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Displaying items by tag: Stena Line

Stena Line are to introduce two chartered sisterships in the Autumn to coincide with the opening of a £80m ferryport near Cairnryan, which is to replace Stranraer, as the new Scottish port for their route to Belfast, writes Jehan Ashmore.
At 30,285grt the sisterships Superfast VII and Superfast VIII will be the largest ferries to operate on the North Channel routes. The 203m long pair can take 1,200 passengers, around 660 cars or 110 freight vehicles.

Stena will lease the ferries for a three year period from Tallink, the Baltic Sea based shipping group. (Click here for photo of Superfast VIII in ice-flow waters). The charter arrangement includes an option to extend for a further year.

The distance between the new ferry terminal named the 'Loch Ryan Port' at Old House Point (which is just north of Cairnryan) is approx. 8kms apart from Stranraer taking the coastal (A77) road along the Loch that leads onto to Glasgow. At Cairnryan,  rivals P&O (Irish Sea) who along with predecessing operators have run services on the route to Larne for several decades.

With a speed of 27-knots, passage times on the new Stena Belfast-Cairnryan route will take 2 hours 15 minutes, this compares to the existing time of 2 hours 50 minutes from Stranraer by conventional ferry and 2 hours taken by the HSS fast-ferry.

As a consequence of Stena operating from Loch Ryan Port, passage times by the Superfast sisters will be reduced by 35 minutes as the Belfast terminal was also relocated in recent years. Though despite the relocated ferry terminals, the Superfast sisters scheduled 2 hours 15 minutes sailings from the new port will be slightly longer compared to the HSS Stena Voyager's 2 hour sailing time from Stranraer.

Also serving the Belfast Stranraer route are the conventional ferries, Stena Caledonia (formerly Sealink's St. David built at Harland & Wolff) and Stena Navigator, that served SeaFrance on Dover-Calais sailings as SeaFrance Manet. When the Superfast sisters replace the HSS Stena Explorer and the conventional ferries, perhaps there will be a new a role for the two vessels in replacing expensive to run fast-craft operated elsewhere.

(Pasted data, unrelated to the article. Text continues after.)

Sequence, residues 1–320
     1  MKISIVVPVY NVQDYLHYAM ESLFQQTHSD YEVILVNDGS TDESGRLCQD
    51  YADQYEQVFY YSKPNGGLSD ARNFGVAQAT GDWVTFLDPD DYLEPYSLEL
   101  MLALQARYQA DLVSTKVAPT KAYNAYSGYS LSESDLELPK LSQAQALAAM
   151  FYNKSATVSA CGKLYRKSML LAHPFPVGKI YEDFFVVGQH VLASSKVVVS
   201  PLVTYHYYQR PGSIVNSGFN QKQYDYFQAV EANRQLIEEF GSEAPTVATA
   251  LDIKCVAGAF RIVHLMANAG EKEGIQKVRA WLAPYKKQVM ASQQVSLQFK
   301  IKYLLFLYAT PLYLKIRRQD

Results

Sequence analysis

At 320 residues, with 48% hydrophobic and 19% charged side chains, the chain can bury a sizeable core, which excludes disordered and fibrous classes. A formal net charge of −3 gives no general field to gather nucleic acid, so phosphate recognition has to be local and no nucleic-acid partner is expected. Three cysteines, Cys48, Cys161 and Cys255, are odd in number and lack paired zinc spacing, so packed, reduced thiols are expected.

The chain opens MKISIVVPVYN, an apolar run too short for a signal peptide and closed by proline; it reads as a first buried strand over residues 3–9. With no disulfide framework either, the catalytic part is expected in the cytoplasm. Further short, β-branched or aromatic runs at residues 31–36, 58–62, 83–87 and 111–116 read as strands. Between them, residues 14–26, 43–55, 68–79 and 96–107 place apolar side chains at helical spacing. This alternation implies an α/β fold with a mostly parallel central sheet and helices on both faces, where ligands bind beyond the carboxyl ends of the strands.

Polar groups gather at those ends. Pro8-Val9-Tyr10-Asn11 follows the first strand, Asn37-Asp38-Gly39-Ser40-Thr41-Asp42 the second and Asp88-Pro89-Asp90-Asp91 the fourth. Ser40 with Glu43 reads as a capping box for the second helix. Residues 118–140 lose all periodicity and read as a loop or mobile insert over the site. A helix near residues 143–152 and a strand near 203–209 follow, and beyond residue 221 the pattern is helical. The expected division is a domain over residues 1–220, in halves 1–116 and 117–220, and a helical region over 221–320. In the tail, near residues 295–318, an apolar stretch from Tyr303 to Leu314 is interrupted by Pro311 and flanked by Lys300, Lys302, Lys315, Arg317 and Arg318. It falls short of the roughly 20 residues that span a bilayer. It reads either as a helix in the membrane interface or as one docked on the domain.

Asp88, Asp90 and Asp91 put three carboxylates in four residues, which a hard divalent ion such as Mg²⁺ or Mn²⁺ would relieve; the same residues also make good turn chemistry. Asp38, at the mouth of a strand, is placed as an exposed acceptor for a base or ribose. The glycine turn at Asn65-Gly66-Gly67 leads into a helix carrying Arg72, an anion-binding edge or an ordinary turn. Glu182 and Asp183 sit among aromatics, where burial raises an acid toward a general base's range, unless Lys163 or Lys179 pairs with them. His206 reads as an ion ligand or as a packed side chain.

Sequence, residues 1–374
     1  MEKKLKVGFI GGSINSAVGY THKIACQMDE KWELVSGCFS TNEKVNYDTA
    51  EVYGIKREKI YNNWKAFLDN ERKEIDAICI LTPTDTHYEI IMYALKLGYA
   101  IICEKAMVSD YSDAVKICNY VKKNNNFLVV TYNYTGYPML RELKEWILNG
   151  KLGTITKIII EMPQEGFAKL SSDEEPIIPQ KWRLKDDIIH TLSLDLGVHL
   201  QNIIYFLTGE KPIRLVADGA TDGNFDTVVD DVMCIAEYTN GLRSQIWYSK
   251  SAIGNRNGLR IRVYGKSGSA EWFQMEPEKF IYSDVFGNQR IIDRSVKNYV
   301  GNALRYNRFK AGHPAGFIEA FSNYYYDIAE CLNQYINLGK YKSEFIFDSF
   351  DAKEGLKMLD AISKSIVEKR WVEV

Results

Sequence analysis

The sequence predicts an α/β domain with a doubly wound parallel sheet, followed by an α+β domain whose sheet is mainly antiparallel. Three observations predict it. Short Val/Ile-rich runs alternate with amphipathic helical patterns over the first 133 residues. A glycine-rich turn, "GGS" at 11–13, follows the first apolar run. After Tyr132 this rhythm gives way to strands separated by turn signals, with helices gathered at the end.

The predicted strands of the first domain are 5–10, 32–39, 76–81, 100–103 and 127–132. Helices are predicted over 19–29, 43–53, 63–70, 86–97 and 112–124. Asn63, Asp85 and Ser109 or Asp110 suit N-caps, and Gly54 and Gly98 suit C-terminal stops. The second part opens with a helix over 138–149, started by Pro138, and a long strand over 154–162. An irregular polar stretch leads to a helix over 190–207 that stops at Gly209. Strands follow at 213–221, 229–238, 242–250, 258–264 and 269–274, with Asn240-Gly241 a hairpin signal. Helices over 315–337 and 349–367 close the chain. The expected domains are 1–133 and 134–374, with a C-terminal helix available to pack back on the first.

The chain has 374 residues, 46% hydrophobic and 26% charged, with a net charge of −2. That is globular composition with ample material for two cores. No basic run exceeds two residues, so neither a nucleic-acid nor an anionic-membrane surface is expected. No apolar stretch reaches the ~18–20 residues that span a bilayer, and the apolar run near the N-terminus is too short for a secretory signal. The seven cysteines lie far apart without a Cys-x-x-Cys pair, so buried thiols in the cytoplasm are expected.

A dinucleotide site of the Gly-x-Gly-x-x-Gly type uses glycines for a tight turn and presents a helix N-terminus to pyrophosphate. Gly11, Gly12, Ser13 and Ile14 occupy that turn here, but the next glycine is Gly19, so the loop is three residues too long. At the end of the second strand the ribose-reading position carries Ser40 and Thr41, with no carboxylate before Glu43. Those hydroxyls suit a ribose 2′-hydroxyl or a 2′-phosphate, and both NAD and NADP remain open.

In the meantime the Superfast pair will maintain running on Tallink's 26-hour Helsinki-Rostock until mid-August. The 2001 German will then undergo an extensive refit of passenger facilities and a new freight-only deck will be incorporated to cater for haulage operators increasing use of higher vehicles and double-deck freight units.

The 'Superfast' vessel naming theme derives from the original owners, Greek operator Superfast Ferries, which sold their Scandinavian operations to Tallink in 2006.

Published in Ferry

Stena Line's acquisition of DFDS Seaways Irish Sea services in December, has now been referred to the UK's Competition Commission by the Office of Fair Trading (OFT).

The £40m ferry deal for two routes, Belfast-Birkenhead (run by two chartered ro-pax ferries) and the Belfast-Heysham freight-only service, included two 114-trailer capacity vessels.

The Competition Commission is expected to submit its findings by the end of July while the Irish Competition Authority is also still investigating the merger. To read more about this, click the BBC report here.

Published in Ferry

The Dublin Seaways, one of the two ro-pax sisters that served DFDS Seaways Dublin-Birkenhead route, which closed down last month, has been sold to Stena Line, writes Jehan Ashmore.

DFDS Seaways sold the 21,856grt vessel to Stena North Sea Line for €24m. Stena operate the Killingholme-Hoek van Holland and Harwich-Rotterdam routes though it remains uncertain as to where the 1997 built vessel will be allocated to or possibly chartered.

Only last month, Stena entered into an agreement that offers their freight customers to use DFDS Harwich-Esbjerg and Immingham-Esbjerg routes. In essence Stena buys freight capacity from DFDS vessels through a so called 'space-charter' arrangement. Stena will be marketing the routes under their own brand.

In the meantime the Dublin Seaways is temporary running on DFDS Seaways Rosyth-Zeebrugge route in a freight-only capacity. The Scottish-Belgium route ended taking passengers in mid-December. The North Sea route remains the only ro-ro freight service operating between Scotland and to the continental Europe.

The second ro-pax that served on the Irish Sea route, Liverpool Seaways made a final call to Dublin port on 31 January (click here for picture and related story) prior to sailing for Immingham. She subsequently sailed on a repositioning voyage to the Baltic Sea, initially to take up service on the Kiel-Klaipeda route though the vessel is due to switch to the Karlshamn-Klaipeda route from 21 February.

Liverpool Seaways will be reflagged to the Lithuania flag and will replace the existing route ro-pax vessel, Lisco Optima which transfers to the Kiel route. Incidentally the Lisco Optima (1999 / 25,206grt) like the former Irish Sea sisters was also built at the Visentini shipyard in Donada, Italy.